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Transporters of arsenite in rice and their role in arsenic accumulation in rice grain
  • J. Ma, N. Yamaji, F. Zhao
  • Environmental Science
    Proceedings of the National Academy of Sciences
  • 22 July 2008
It is reported that two different types of transporters mediate transport of arsenite, the predominant form of arsenic in paddy soil, from the external medium to the xylem, which explains why rice is efficient in arsenic accumulation.
Arsenic uptake and metabolism in plants.
Hyperaccumulation appears to involve enhanced arsenate uptake, decreased arsenite-thiol complexation and arsenite efflux to the external medium, greatly enhanced xylem translocation of arsenite, and vacuolar sequestration of arsenites in fronds.
Arsenic as a food chain contaminant: mechanisms of plant uptake and metabolism and mitigation strategies.
A range of mitigation methods, from agronomic measures and plant breeding to genetic modification, may be employed to reduce As uptake by food crops.
Phytoextraction of metals and metalloids from contaminated soils.
Mechanisms of Arsenic Hyperaccumulation in Pteris vittata. Uptake Kinetics, Interactions with Phosphate, and Arsenic Speciation1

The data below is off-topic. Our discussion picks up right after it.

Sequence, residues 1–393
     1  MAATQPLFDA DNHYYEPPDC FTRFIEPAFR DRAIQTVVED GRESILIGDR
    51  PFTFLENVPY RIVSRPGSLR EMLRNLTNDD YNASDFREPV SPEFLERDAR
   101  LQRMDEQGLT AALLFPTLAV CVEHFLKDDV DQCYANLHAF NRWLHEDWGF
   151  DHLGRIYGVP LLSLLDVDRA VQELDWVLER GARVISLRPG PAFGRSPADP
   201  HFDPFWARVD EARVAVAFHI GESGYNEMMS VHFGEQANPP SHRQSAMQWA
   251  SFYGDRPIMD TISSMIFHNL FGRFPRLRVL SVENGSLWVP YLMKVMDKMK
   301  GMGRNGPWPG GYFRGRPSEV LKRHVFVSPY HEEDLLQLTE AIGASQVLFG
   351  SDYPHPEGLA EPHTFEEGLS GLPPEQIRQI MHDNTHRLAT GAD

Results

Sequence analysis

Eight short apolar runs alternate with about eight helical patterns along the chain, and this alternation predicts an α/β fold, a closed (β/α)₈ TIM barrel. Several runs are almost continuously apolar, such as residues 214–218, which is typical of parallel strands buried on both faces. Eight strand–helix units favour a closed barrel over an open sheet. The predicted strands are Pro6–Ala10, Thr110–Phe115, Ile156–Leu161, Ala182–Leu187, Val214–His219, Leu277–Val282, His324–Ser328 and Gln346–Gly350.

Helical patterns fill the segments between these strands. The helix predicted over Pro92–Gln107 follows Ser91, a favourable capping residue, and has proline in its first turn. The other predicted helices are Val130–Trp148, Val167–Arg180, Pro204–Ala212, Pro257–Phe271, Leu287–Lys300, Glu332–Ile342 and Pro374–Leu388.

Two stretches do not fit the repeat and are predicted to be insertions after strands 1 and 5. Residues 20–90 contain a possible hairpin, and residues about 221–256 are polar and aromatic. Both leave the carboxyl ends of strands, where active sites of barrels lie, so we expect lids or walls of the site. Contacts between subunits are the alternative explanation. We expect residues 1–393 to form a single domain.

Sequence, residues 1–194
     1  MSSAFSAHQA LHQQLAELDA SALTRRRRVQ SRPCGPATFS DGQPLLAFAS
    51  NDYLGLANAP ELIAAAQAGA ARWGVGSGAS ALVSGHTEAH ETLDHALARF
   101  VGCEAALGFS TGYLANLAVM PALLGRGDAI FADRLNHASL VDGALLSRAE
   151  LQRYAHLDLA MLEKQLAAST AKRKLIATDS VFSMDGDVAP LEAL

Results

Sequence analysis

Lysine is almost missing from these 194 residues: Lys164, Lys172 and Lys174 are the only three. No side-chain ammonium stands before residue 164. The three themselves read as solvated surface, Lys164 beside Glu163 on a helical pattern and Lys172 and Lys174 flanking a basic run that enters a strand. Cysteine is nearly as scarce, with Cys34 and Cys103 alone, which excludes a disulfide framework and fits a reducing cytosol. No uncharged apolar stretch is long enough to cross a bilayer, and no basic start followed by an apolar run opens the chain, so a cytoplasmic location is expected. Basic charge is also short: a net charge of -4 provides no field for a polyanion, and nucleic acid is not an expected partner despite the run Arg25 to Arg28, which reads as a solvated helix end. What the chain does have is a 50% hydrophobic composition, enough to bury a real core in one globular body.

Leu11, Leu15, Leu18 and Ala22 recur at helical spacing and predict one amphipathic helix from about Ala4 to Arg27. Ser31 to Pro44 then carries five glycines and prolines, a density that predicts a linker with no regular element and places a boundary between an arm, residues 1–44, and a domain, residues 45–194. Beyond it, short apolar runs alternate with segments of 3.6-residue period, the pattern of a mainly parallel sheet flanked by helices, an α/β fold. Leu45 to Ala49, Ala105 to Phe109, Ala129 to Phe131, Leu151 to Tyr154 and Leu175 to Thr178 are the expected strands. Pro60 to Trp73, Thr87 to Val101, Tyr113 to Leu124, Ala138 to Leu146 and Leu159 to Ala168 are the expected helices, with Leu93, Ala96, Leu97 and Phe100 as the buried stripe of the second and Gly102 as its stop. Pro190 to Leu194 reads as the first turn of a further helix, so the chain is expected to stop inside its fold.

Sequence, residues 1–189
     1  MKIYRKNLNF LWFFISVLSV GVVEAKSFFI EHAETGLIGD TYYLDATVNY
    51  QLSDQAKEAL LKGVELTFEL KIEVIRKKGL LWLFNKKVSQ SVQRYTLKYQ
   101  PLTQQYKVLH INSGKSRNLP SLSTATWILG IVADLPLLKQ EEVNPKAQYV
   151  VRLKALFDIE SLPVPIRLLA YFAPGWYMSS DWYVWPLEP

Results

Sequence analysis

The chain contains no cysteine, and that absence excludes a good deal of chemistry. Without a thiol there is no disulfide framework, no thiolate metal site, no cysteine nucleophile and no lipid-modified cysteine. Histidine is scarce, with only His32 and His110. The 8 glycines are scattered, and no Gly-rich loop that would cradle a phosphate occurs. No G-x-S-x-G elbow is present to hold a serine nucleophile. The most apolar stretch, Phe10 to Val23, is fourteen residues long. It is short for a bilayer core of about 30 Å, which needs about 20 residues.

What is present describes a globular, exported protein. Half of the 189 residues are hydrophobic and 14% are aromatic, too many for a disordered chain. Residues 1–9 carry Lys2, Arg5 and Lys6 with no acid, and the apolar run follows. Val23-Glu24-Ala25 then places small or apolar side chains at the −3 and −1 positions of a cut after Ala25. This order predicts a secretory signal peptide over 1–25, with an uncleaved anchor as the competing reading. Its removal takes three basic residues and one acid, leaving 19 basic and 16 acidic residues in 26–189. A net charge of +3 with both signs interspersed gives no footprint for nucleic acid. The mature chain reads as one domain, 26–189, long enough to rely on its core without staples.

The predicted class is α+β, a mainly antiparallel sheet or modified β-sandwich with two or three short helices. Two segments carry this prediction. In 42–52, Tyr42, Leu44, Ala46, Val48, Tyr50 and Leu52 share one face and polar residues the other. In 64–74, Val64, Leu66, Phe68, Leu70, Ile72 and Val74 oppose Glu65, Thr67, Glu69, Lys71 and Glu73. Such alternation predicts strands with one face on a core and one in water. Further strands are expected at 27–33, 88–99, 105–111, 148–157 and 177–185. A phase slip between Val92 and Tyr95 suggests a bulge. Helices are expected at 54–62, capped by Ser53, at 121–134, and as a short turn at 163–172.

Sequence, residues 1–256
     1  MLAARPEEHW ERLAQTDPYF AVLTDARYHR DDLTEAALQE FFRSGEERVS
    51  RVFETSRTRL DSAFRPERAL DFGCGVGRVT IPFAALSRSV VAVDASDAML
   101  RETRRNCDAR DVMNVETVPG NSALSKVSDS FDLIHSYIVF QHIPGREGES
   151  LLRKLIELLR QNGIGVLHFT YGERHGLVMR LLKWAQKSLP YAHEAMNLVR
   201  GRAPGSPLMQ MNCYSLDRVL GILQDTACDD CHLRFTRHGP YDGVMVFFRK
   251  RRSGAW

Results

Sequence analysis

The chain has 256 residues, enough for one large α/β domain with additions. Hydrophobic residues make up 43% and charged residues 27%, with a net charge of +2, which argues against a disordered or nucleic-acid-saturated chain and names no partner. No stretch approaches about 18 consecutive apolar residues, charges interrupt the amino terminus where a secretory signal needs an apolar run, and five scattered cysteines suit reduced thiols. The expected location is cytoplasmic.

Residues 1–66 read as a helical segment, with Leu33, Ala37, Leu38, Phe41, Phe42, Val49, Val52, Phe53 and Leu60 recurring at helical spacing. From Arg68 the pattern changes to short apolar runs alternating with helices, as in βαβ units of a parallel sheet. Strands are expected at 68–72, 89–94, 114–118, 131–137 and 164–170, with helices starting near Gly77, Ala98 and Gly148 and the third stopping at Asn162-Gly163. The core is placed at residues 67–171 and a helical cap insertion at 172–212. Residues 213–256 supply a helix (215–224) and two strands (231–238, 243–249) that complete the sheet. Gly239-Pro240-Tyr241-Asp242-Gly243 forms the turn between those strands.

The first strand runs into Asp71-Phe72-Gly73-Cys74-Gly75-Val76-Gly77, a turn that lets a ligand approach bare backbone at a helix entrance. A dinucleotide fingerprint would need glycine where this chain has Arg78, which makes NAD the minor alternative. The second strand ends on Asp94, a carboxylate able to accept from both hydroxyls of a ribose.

It is concluded that arsenate is taken up by P. vittata via the phosphate transporters, reduced to arsenite, and sequestered in the fronds primarily as As(III).
Cellular compartmentation of cadmium and zinc in relation to other elements in the hyperaccumulator Arabidopsis halleri
The analysis of the cellular compartmentation of elements in the Zn hyperaccumulator Arabidopsis halleri indicates that the mesophyll cells in the leaves of A. halleri are the major storage site for Zn and Cd, and play an important role in theirhyperaccumulation.
Phytoremediation of heavy metal-contaminated soils: natural hyperaccumulation versus chemically enhanced phytoextraction.
Phytoextraction of Cd and Zn by maize + EDTA was much smaller than that by T. caerulescens from the industrially contaminated soil, and was either smaller (Cd or similar (Zn) from the agricultural soil.
Sulphur Assimilation and Effects on Yield and Quality of Wheat
It is shown that reproductive growth of wheat appears to be more sensitive to S deficiency than vegetative growth, with decreased grain size under S-limiting conditions, and breadmaking quality correlated more closely with grain S concentration than with N concentration.